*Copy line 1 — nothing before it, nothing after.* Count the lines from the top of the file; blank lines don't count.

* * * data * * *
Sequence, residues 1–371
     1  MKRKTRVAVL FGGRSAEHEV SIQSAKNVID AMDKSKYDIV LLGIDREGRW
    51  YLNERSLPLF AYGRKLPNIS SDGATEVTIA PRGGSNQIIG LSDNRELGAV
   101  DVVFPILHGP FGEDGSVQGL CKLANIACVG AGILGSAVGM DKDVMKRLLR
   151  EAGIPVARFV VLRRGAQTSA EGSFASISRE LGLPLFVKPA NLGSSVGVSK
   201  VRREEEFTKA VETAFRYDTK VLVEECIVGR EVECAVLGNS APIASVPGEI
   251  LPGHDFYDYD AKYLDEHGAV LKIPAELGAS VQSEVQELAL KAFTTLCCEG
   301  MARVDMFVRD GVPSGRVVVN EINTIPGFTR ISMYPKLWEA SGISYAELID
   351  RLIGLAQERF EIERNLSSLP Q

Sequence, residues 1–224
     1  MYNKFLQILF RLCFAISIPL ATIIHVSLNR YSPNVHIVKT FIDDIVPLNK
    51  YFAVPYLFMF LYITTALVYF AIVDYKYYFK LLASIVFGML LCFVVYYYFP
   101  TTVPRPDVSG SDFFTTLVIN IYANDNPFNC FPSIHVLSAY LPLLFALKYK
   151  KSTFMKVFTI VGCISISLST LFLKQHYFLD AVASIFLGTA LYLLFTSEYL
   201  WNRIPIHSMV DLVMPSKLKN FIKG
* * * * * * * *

Sequence, residues 1–371